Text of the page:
In Taki’s Mag, Robert Weissberg takes note of the Pillow-Biter Effect:

Import thousands of gays to any downtown—no matter how bleak and uninviting—and within a year or two the result will be a real-estate developer’s dream. Gays—not tax abatements, convention centers, malls, office buildings, or all the usual nostrums—are the only solution guaranteed to uplift struggling cities.

Is this an oversimplification? Probably. Some Urban Bullshit Theorist famously claimed a couple of years ago that concentrations of non-technical “creatives” create tech business centers, which is insane, and this seems in the same ballpark, but it’s not the same idea: Weissberg isn’t trying to claim that Provincetown created Route 128. He’s observing that Provincetown exists. Worth a thought. Foseti’s observations about the effects of gays on urban neighborhoods make a lot of sense to me, based on my own experience living in major cities.

A lot of gays can be annoying to hang out with (NAGALT, btw), and Organized Gayness seems to me to be almost certainly a net malignance, but if you show me a gay neighborhood, I will show you a place that’s safe and well-looked-after and has decent amenities. Gays are men who are free to look after their own interests, they are for the most part competent about it, and they don’t generally have kids soaking up their income (or driving them out to the suburbs after age 35 or so). Also they’re a lot less likely than most to walk up to you on the street, pop you one, and take your wallet. The “gay uncle effect” is implausible in evo psych terms, but something a lot like it works pretty well with real estate.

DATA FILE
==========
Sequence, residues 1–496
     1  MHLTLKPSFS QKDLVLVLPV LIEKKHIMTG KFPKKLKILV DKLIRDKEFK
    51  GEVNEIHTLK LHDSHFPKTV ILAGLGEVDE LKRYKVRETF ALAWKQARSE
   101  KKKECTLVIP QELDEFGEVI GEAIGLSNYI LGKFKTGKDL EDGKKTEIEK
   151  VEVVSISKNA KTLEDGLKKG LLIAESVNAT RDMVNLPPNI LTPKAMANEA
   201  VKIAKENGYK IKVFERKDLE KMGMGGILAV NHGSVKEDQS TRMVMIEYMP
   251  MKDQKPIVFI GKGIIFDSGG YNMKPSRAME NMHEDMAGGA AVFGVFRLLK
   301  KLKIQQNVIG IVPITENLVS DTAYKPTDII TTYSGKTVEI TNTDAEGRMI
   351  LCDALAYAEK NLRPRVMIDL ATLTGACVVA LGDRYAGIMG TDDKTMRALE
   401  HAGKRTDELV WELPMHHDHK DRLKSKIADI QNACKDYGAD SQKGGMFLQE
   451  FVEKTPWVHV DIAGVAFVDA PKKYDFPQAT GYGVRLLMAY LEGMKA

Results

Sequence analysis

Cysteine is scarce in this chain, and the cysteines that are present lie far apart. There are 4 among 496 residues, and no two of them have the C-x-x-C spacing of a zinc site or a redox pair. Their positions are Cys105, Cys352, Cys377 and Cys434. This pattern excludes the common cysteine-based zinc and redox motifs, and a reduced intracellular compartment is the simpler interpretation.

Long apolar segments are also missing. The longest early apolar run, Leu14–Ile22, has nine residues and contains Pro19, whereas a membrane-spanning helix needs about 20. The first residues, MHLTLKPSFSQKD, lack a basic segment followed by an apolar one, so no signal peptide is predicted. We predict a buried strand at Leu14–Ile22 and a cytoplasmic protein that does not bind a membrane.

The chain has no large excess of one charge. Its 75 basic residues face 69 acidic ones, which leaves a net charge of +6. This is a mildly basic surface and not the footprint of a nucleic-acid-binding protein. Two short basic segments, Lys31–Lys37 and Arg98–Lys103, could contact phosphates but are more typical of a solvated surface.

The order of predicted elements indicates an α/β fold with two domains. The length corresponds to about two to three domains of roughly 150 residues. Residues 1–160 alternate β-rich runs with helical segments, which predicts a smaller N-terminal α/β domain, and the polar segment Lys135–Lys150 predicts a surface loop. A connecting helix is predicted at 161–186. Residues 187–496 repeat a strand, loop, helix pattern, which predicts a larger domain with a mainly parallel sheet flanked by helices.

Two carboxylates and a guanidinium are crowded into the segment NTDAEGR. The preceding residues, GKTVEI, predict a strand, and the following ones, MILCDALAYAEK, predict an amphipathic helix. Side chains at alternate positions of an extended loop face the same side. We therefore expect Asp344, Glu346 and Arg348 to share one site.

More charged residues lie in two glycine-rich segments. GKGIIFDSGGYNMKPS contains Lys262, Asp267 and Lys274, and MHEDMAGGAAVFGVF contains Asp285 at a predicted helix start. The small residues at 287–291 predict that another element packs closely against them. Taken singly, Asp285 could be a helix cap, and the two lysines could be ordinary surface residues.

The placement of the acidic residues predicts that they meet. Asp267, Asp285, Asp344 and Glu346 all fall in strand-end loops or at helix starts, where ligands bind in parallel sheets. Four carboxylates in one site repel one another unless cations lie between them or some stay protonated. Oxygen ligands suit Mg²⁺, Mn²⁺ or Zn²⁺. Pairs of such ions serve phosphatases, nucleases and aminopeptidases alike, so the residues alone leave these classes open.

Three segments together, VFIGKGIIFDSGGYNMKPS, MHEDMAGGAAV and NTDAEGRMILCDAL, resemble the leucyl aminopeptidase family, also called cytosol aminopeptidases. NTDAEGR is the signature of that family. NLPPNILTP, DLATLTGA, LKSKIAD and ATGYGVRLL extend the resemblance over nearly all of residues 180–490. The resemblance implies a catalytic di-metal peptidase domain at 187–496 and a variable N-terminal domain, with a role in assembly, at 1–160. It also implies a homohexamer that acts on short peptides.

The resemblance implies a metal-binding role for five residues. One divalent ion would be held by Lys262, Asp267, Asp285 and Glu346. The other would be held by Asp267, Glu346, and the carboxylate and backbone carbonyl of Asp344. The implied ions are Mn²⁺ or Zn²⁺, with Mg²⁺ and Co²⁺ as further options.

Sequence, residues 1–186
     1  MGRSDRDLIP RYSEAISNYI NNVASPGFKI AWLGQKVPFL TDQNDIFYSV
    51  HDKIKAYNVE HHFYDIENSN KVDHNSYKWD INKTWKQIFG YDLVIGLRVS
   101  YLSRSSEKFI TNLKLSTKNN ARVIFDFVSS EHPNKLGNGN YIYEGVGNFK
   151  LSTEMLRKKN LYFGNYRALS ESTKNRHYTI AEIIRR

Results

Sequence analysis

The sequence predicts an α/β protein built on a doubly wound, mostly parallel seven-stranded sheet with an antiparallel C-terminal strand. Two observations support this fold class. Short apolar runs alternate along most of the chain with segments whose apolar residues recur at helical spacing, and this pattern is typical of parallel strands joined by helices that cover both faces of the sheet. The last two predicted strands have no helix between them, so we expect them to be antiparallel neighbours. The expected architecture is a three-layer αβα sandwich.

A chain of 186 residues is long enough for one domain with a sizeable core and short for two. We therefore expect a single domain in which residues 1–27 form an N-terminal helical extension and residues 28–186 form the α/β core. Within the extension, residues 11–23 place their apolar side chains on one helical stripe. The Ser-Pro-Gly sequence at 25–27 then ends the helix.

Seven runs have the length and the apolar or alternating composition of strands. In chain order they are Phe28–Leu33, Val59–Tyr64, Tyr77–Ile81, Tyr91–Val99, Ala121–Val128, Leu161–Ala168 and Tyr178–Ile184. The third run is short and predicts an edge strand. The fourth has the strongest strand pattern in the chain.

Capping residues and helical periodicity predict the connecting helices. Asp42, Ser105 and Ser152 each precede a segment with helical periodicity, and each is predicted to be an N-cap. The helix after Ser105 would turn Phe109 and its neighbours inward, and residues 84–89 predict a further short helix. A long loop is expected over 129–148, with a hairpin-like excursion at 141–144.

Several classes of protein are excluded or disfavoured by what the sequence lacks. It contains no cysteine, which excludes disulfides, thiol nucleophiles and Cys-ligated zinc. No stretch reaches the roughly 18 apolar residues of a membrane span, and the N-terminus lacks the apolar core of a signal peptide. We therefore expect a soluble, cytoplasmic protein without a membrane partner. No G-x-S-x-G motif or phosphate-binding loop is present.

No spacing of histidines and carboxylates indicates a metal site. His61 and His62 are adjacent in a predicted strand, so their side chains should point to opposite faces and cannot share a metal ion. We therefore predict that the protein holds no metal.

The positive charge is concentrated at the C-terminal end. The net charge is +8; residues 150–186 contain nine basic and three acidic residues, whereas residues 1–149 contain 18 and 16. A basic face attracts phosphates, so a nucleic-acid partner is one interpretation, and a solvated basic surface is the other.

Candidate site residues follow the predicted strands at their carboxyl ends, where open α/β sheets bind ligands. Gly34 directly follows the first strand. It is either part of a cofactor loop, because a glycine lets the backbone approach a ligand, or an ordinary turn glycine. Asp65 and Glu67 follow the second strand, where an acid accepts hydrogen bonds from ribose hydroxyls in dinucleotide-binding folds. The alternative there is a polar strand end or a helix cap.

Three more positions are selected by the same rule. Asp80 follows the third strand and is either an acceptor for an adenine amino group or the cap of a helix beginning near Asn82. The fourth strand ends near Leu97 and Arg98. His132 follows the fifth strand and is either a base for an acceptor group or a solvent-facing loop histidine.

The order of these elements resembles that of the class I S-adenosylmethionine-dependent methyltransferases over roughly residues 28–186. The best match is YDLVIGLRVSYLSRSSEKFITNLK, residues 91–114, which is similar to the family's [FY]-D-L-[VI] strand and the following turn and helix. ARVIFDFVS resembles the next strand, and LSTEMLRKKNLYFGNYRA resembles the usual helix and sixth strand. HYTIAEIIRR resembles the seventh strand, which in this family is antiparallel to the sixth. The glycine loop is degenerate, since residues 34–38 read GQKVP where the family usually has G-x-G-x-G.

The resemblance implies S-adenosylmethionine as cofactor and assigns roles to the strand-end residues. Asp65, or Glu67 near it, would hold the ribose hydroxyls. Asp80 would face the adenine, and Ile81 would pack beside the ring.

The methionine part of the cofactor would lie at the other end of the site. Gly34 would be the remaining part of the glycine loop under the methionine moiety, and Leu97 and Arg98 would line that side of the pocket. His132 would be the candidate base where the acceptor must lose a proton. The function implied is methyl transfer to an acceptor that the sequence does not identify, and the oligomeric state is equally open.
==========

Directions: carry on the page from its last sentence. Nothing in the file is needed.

1. Heh! As a friend of mine said back in the 1970s, the gays are the first wave of gentrification, because they don’t care how good the schools are. They’ll raise property values (which you need to improve the schools) *before* you improve the schools.

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